Ontiveros: The way he told me was that his dad used to own a small taco stand like the ones in Chicago where they have little carts where they make tacos. He learned from his dad; he used to make the tacos and handle the money.

MT: How did he start when he got here?

Ontiveros: He worked first as a dishwasher, then as a busboy at a Mexican restaurant, Trini and Carmen's. The owner thought that he was a hard worker, so he moved him up into the kitchen and then put him in as manager where he learned a lot: How to handle customers, inventory, how to speak English. He never stops learning. He always wants more. His mind is clicking.

MT: How long did he work there before he went off on his own?

Ontiveros: About eight years, until my mom told him it was time to open his own restaurant. He didn't want to, but my mom convinced him to open a tiny four-seat restaurant in the strip center across the street from where we are now. It was hard. My dad was still working at his other job. The four girls were born. My mom was the cook. I was the waitress. I'm the oldest. It was hard.

MT: Your mom didn't think that it was too risky?

Ontiveros: They had always talked about owning a restaurant like the ones in Mexicantown in Detroit. What if we had one like that! It was a dream. What if we could do it?

MT: How long did that last?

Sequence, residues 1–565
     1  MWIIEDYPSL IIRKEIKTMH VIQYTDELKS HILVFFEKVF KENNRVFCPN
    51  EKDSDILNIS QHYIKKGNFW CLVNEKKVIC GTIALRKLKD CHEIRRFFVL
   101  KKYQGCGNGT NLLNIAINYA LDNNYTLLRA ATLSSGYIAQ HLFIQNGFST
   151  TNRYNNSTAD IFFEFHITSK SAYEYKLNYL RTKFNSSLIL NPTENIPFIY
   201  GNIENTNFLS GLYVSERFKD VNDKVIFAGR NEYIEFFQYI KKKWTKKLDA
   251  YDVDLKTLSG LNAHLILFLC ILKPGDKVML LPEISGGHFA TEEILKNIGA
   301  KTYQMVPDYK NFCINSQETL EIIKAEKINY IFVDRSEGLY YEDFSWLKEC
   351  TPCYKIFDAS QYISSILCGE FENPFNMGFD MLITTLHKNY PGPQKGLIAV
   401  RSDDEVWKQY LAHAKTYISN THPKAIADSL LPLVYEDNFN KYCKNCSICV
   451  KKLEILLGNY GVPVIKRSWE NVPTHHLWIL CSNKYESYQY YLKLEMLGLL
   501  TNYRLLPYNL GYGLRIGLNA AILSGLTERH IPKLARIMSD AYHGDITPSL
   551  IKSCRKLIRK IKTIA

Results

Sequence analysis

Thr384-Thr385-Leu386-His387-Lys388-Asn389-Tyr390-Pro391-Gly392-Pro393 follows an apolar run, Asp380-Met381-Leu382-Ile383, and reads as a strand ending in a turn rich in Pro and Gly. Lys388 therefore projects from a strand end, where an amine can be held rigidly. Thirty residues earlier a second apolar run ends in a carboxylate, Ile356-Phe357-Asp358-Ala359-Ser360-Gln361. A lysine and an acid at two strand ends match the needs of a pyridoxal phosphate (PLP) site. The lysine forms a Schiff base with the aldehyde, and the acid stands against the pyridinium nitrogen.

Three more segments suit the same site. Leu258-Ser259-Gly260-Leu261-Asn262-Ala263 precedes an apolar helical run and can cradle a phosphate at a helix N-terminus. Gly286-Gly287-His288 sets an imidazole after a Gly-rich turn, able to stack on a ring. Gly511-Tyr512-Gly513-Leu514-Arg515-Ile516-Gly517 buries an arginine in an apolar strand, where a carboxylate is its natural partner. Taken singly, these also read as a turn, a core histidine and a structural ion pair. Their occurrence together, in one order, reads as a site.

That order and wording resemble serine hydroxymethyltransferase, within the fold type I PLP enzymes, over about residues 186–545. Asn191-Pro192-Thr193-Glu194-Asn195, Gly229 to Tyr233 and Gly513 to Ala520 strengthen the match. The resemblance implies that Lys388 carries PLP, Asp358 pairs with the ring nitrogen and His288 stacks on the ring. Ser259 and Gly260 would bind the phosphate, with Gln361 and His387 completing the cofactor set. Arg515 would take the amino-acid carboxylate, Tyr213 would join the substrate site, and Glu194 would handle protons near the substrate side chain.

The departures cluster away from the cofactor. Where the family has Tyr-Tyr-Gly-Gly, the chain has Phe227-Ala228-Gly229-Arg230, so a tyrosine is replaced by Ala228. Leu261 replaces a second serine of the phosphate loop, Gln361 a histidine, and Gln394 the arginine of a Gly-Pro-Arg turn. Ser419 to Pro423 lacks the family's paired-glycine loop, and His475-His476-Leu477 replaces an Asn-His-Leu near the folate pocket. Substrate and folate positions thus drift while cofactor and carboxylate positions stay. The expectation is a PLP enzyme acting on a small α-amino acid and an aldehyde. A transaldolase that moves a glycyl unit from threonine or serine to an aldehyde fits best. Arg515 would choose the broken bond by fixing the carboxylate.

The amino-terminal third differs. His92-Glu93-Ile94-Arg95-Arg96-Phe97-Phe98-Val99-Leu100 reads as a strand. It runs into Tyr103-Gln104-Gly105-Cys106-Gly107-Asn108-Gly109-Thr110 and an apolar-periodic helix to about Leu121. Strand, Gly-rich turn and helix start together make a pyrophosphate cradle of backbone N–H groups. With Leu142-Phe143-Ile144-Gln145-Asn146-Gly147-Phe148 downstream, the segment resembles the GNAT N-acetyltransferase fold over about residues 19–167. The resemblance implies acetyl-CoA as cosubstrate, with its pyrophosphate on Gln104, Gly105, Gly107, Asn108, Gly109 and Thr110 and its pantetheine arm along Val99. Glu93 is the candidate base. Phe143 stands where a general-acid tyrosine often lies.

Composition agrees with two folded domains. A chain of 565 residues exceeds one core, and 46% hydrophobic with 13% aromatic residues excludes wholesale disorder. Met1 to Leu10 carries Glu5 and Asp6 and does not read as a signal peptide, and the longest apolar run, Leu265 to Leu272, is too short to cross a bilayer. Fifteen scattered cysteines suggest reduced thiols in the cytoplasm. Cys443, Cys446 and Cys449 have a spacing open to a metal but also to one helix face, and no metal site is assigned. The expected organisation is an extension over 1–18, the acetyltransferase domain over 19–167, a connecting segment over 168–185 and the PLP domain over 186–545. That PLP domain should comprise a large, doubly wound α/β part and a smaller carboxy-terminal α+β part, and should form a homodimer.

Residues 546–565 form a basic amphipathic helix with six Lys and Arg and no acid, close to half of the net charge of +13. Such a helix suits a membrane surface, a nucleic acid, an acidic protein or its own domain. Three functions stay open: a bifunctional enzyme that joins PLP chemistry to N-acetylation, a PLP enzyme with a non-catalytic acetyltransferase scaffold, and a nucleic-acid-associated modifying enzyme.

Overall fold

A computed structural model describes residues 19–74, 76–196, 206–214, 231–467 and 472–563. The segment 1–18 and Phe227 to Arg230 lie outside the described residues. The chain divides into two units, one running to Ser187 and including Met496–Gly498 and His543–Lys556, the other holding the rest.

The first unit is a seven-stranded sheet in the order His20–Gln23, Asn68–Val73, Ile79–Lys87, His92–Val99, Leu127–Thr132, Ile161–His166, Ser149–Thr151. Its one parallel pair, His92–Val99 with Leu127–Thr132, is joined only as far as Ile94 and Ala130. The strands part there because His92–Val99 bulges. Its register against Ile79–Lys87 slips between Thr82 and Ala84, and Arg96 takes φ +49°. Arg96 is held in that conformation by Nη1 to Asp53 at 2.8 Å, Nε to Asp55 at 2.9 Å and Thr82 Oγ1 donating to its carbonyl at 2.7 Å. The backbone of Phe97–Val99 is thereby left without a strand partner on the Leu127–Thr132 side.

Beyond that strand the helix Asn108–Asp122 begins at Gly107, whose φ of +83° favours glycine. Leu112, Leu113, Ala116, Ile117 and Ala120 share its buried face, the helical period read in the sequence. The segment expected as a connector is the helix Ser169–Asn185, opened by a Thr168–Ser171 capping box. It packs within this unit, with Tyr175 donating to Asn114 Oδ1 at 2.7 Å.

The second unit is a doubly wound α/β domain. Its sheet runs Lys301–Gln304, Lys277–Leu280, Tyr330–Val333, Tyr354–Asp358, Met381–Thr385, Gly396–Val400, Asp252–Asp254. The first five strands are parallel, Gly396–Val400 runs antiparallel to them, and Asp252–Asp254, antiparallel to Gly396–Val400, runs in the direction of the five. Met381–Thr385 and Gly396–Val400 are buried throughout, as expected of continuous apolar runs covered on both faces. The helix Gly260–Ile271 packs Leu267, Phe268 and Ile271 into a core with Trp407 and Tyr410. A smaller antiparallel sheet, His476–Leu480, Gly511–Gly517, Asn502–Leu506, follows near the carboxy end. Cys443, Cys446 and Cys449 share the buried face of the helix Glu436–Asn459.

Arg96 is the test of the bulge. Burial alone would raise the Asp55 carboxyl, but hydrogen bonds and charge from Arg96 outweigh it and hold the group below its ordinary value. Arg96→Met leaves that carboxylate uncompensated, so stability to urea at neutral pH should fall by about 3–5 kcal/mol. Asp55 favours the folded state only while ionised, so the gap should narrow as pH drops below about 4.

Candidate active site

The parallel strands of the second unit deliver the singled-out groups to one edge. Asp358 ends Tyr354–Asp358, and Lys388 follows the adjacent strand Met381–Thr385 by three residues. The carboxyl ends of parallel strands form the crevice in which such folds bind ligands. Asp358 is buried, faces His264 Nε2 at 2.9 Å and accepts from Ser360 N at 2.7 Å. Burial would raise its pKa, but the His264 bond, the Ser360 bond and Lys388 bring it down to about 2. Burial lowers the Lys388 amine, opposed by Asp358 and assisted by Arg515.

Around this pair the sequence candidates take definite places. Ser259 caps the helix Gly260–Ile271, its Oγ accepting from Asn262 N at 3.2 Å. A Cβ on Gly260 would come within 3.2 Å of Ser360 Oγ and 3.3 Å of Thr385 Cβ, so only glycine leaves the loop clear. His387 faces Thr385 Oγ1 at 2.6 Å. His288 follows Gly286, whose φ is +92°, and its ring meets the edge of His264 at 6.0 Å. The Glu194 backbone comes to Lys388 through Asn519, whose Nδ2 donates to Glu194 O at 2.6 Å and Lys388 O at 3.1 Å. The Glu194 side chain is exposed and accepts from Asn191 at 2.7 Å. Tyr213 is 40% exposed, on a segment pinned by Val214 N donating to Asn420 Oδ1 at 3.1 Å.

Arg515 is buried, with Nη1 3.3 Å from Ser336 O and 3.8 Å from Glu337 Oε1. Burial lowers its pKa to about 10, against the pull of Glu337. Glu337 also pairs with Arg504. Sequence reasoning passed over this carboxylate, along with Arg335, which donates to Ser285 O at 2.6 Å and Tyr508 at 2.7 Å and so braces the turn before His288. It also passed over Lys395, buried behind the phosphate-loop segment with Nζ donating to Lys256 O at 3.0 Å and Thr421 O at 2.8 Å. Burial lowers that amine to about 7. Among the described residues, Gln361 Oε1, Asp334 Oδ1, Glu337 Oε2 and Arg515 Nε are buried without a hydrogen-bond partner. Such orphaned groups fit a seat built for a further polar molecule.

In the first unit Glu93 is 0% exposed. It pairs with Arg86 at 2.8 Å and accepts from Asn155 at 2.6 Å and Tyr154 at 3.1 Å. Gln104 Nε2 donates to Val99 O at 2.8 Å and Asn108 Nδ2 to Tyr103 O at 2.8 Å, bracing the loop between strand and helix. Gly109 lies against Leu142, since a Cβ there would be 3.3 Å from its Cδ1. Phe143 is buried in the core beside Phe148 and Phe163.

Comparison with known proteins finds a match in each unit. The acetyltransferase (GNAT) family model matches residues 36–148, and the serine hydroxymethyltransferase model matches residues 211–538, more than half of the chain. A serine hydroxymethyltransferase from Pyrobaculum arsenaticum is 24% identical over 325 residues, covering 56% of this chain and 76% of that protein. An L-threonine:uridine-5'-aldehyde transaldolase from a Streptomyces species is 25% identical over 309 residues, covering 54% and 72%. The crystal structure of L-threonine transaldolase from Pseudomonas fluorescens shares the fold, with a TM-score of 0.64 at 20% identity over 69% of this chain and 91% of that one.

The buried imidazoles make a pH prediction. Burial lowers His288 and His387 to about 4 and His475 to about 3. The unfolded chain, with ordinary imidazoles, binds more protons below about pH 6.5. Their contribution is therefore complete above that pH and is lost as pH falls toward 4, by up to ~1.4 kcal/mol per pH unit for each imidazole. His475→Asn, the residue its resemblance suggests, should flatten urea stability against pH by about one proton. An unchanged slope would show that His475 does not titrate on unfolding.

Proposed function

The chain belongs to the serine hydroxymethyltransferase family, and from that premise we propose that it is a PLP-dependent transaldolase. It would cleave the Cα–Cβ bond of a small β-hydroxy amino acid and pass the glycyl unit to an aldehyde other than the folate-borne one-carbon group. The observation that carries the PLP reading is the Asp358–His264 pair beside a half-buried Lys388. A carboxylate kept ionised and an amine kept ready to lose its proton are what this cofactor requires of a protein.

Ontiveros: Not long, only about five years.

MT: Five years is a long time to run a small place like that.

Ontiveros: Then we opened in a building next door, before building this restaurant here.

MT: As a family that has worked hard to build up a business, are you willing to help your employees better themselves?

Ontiveros: We try to teach them how to be good at what they do here. If they are willing to learn, they will have skills and knowledge to take with them to their next job or opportunity, just like my parents did.

MT: What is the next step?

Ontiveros: We have talked about opening another restaurant that maybe my sister and I would run together. But we plan to stay in Pontiac too.

MT: Let's get back to the food. Are these old family recipes?

Ontiveros: They are the dishes that my grandma made my mom for dinner, and then my mom made for us. We like them and so do our customers.

MT: The restaurant business is hard work. Would you do it again?

Ontiveros: Oh, yes. The restaurant business has been good to us. It's all about being ambitious and wanting to better yourself and make a good life for your family. I think I can speak for everybody in my family and say that we would all do it again.

MT: Your parents have worked hard to provide you and your sisters with some of the things that they didn't have as children. Have they spoiled you?

Ontiveros: No. I don't think so. When they give us something, they tell us that we deserve it. They have taught us that we must be responsible for ourselves and that if we work hard, there will be rewards. 

Jalapeños is located at 806 Baldwin Rd., Pontiac; 248-454-088. Open 9 a.m.-11 p.m. daily. Jeff Broder, formerly the “Food Guy” for Metro Times, does this twice-monthly interview. Send comments to letters@metrotimes.com